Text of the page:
Trying to understand the order methods will be recognized in the case of overloading.

I have this test case:

``````class Foo
def bar(a, b, c)
"bar1"
end

def bar(a, b, c = 1)
"bar2"
end

def bar(a, b = 1, c = 2)
"bar3"
end

def bar(a = 1, b = 2, c = 3)
"bar4"
end

def boo(a) # restriction 4 (least restrictive, but its never used actually)
"boo1"
end

def boo(a : String) # restriction 1 (most restrictive)
"boo2"
end

def boo(a : String | Int32) # restriction 2
"boo3"
end

def boo(a : String | Int32 | Bool) # restriction 3 <- this will be defined last, and so will get used in all cases?
"boo4"
end
end

puts Foo.new.bar(1, 2, 3)
puts Foo.new.bar

puts Foo.new.boo(12)
puts Foo.new.boo(true)
``````

which produces:

``````bar4
bar4
boo3
boo4
``````

okay, now if I switch things around, I would still expect the same result.

but instead I get an error (wrong number of params) unless the definition with all three default params of bar is last.

More over, if I switch the two definitions of boo around it prints boo4 twice. I.e. it doesnâ€™t seem that the ordering is actually doing anything.

``````class Foo
def bar(a, b, c)
"bar1"
end

def bar(a, b, c = 1)
"bar2"
end

def bar(a = 1, b = 2, c = 3)
"bar4"
end

def bar(a, b = 1, c = 2)
"bar3"
end

def boo(a) # restriction 4 (least restrictive, but its never used actually)
"boo1"
end

def boo(a : String) # restriction 1 (most restrictive)
"boo2"
end

def boo(a : String | Int32 | Bool) # restriction 3 <- this will be defined last, and so will get used in all cases?
"boo4"
end

def boo(a : String | Int32) # restriction 2
"boo3"
end
end

puts Foo.new.bar(1, 2, 3)
# puts Foo.new.bar <- this no won't work

puts Foo.new.boo(12)
puts Foo.new.boo(true)
``````

produces

``````bar3
boo4
boo4
``````

Hi there!

Good questions. I took the liberty of editing your post to include code sections, otherwise it was very hard to understand.

``````  def bar(a, b, c)
"bar1"
end

def bar(a, b, c = 1)
"bar2"
end
``````

The second overload overrides the first one. Give that you are defining a method with 2 required arguments and one optional, if you pass 2 arguments it will call that method. If you pass 3, it will call that method too!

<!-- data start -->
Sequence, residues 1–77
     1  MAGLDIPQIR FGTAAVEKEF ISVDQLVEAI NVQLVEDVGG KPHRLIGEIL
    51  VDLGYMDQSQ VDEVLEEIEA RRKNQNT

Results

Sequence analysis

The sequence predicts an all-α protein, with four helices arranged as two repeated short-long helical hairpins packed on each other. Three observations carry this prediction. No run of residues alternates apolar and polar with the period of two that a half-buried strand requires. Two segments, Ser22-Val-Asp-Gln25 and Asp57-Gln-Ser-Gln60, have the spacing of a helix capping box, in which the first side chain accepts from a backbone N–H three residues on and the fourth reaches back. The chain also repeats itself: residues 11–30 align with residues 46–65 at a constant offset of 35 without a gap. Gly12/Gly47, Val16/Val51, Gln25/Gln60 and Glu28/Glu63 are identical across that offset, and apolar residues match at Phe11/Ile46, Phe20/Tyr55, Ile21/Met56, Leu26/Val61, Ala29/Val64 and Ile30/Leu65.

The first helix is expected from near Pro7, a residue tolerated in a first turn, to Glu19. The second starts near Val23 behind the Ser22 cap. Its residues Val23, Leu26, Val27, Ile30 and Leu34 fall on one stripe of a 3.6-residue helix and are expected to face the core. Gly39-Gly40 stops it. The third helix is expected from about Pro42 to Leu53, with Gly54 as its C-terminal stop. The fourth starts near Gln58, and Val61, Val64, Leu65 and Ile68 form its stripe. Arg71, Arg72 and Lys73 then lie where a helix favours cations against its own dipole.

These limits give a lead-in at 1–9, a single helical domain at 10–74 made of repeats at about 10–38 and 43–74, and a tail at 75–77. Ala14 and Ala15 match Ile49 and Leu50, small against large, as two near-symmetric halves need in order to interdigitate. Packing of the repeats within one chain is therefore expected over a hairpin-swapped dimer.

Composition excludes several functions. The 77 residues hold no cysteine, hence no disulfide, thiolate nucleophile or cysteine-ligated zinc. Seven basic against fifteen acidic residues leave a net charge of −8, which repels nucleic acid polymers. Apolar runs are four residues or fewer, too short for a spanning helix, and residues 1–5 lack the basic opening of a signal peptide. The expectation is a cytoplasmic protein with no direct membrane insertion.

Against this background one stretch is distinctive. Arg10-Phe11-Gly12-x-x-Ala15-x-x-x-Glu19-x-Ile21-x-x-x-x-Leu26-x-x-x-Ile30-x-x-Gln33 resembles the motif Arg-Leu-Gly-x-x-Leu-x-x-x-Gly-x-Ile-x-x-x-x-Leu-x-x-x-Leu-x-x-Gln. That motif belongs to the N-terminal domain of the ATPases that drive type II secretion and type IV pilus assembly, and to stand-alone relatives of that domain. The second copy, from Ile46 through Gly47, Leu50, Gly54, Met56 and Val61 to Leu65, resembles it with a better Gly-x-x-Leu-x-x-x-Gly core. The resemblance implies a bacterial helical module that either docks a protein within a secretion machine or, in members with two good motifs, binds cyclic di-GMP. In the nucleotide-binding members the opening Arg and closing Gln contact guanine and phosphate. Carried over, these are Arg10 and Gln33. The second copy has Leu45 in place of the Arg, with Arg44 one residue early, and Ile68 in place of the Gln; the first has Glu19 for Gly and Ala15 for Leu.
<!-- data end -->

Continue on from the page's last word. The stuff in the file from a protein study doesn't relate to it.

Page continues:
I mean, if you pass three arguments, if the first overload is chosen by the compiler, whatâ€™s the point of having a default value for the third argument if itâ€™s never going to be used?

The same logic applies to the following overloads:

``````  def bar(a, b = 1, c = 2)
"bar3"
end
``````

now you have two optional arguments, that overrides the previous overload.

``````  def bar(a = 1, b = 2, c = 3)
"bar4"
end
``````

Same. This is the only overload that remains.

``````def boo(a) # restriction 4 (least restrictive, but its never used actually)
"boo1"
end

def boo(a : String) # restriction 1 (most restrictive)
"boo2"
end

def boo(a : String | Int32) # restriction 2
"boo3"
end

def boo(a : String | Int32 | Bool) # restriction 3 <- this will be defined last, and so will get used in all cases?
"boo4"
end
``````

When you have `String | Int32` vs `String | Int32 | Bool`, if you pass an `Int32`, which one should win? Itâ€™s not clear. Thatâ€™s why the compiler just leaves them in order and when you invoke the method with `Int32` it will check each of them. Of course the first one wins.

When you pass bool, the last one is the one that has the `Bool` restriciton.

The first overload without restrictions will be called if you pass a different type, like Char:

``````Foo.new.bar('a') # => "boo1"
``````

okay, now if I switch things around, I would still expect the same result.

This is incorrect. The order matters. In case thereâ€™s no clear â€śthis is more strict than thisâ€ť, the compiler will try to match overloads in order.

In general, my advice is to avoid such code because itâ€™s confusing for you and for everyone. Thereâ€™s really no need to define such overloads.

@asterite Thanks for the reply, and sorry for the bad formatting (I was typing the original message on a cell phone :-) )

The reason I am asking these questions is that I am working away on a Crystal -> JS compiler, and so need to understand these semantics. Even though as you say in real life these kind of overloads should be avoided, its important that the code runs the same regardless of the code gen backend!

Anyway after digging a bit more I think I have better clarity on what is going on here with the â€śrestrictionsâ€ť and â€śrestriction_ofâ€ť methods.

Thanks!

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